THE PLOT: An eccentric family (Anjelica Huston, Ben Stiller, Gwyneth Paltrow, Luke Wilson) rally to care for their dying dad (Gene Hackman).

THE SONGS: For the opening sequence, Anderson wanted the Beatles' ''Hey Jude.'' ''The timing was bad,'' he says. ''George Harrison was dying and we just couldn't get the stuff cleared.'' He then tapped Elliott Smith to record a cover of ''Jude,'' but the troubled singer backed out. ''He was in a bad state and just wasn't able to,'' says Anderson. (Smith died, an apparent suicide, in 2003.) Ultimately, Anderson went with Mothersbaugh's tinkly instrumental version (credited to the Mutato Muzika Orchestra). Smith did end up on the soundtrack, though, with ''Needle in the Hay,'' an acoustic dirge underscoring Luke Wilson's wrist-slashing scene. But it was another tragic artist who provided the inspiration for Tenenbaums: Nico. '''These Days' was the first thing I had, before I had a sense what the movie was about,'' Anderson says. ''I just knew I was going to play that song and somebody was going to be walking. I didn't know who, but that song gave me an extraordinary visual.''


THE PLOT: A washed-up oceanographer (Murray) bonds with his possible illegitimate son (Owen Wilson) and a reporter (Cate Blanchett) while hunting a killer shark.

THE SONGS: Anderson is clearly a big Bowie fan — the Thin White Duke's music is all over Aquatic's soundtrack — but even he doesn't know how to say ''Your face is a mess'' in Portuguese. Which explains why the director shot half the movie before realizing that Brazilian actor Seu Jorge (City of God), who functions as the movie's onboard Greek-chorus-of-one and sings bossa nova reinterpretations of Bowie songs throughout the film, was ditching Bowie's lyrics in favor of his own off-the-cuff musings. ''I guess the idea wasn't effectively communicated to him that he was to sing translated lyrics of Bowie songs,'' laughs Anderson, who also tossed some Stooges, Devo, and Joan Baez into the soundtrack's mix. ''My original plan was to make it all electronic and like a Radiohead feeling. That would have been a lot more simple.'' He sighs. ''But this movie...it isn't simple.''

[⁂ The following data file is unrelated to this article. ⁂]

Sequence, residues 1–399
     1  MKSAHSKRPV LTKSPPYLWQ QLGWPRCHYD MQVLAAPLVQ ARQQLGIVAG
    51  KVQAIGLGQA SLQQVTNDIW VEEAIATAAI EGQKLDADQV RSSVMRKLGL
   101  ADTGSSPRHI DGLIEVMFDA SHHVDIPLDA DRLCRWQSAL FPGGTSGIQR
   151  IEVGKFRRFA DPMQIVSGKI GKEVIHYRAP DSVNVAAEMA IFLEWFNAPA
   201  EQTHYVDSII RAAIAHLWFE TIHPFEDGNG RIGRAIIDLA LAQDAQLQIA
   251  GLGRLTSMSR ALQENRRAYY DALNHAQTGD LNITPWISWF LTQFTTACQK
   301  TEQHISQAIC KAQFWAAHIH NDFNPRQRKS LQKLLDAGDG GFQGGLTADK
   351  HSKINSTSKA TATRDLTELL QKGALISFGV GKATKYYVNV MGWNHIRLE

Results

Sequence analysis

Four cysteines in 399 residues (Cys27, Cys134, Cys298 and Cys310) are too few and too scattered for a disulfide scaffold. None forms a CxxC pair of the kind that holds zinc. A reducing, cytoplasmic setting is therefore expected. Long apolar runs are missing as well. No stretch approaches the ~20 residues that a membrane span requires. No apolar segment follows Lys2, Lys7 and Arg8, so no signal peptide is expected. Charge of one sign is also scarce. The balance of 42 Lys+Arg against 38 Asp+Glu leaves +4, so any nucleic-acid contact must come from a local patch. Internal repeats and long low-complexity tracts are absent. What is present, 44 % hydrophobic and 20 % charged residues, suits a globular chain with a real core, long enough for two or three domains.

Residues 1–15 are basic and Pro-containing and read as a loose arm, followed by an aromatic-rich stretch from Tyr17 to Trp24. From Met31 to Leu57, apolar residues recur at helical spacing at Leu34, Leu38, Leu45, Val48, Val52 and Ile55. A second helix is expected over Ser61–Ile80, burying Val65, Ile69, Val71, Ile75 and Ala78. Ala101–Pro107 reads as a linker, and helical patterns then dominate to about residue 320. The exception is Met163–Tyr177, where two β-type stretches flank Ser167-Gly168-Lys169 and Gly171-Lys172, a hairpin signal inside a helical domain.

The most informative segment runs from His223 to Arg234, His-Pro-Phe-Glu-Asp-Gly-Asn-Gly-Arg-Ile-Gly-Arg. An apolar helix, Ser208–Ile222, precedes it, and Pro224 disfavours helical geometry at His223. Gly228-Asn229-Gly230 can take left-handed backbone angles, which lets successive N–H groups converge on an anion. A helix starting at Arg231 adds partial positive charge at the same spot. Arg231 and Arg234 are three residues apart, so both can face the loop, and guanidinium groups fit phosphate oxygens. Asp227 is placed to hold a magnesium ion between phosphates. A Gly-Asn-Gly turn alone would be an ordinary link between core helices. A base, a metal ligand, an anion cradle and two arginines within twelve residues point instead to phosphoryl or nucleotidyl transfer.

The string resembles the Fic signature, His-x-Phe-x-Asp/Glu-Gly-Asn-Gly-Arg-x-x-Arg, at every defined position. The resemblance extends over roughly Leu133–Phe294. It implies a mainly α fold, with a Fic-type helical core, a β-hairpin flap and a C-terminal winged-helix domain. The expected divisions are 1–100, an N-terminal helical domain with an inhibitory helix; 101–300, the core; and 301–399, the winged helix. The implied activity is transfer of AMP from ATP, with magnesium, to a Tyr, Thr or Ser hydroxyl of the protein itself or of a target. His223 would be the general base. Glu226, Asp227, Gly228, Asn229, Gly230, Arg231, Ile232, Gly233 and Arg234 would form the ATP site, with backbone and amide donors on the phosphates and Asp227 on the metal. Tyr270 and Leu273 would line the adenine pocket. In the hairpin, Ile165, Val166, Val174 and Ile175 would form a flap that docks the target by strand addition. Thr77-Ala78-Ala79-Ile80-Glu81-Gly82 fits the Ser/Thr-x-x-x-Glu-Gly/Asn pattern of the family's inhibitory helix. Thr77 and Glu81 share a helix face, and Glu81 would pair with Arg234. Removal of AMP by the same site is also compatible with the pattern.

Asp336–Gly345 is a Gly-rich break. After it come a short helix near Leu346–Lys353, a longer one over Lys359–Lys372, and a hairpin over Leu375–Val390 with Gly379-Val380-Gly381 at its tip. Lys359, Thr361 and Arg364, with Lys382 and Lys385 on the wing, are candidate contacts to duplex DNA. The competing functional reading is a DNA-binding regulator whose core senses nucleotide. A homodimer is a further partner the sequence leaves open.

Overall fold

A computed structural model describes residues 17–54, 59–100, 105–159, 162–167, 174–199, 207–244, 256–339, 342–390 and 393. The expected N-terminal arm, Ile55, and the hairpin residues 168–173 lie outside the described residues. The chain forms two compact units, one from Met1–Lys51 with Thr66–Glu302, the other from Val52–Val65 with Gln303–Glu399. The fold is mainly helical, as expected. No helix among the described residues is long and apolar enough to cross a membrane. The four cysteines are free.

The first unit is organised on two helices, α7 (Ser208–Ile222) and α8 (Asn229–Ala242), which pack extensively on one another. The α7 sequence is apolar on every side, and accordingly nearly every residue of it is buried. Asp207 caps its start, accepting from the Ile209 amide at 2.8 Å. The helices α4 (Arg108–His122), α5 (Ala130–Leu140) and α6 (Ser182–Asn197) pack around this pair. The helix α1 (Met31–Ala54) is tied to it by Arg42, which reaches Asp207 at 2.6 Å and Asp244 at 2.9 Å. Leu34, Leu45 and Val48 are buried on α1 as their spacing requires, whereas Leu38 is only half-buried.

Wes Anderson chooses some of his favorite movie-music moments:

1. Mean Streets, Martin Scorsese (1973) ''There's this 'Jumpin' Jack Flash' scene [Robert De Niro struts into a bar] where you really see how music and film get locked together.''

2. Harold and Maude, Hal Ashby (1971) ''The beginning—[before] Harold hangs himself—could feel comic, but it doesn't. It feels deeper because of the music [Cat Stevens' 'Don't Be Shy'].'' Homage alert: Bud Cort (Harold), now 56, has a supporting role in Aquatic.

3. The Graduate, Mike Nichols (1967) ''I can't pick one scene, but the [Simon & Garfunkel] music is part of the reason it has a Catcher in the Rye effect, rather than it just being funny.''

4. Federico Fellini's Toby Dammit from Spirits of the Dead (1968) ''Listen to one 15-second cue [of Nino Rota's score] and you know it's from a Fellini film.''

5. Any Woody Allen movie ''His approach is, 'Okay, let me dig into my record collection and pull out some Gershwin.' It's always his favorite jazz. His music's always interested me.''
“Don't think about making art, just get it done. Let everyone else decide if it's good or bad, whether they love it or hate it. While they are deciding, make even more art.” - Andy Warhol

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Reply #2 on: May 31, 2005, 08:11:10 AM
Yes, that's the one! Now are they gonna release it or are we gonna have to start a petition?
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Reply #3 on: November 27, 2005, 11:43:14 PM

this came out a week ago...

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Christopher Nolan's directive was clear to everyone in the cast and crew: Use CGI only as a last resort.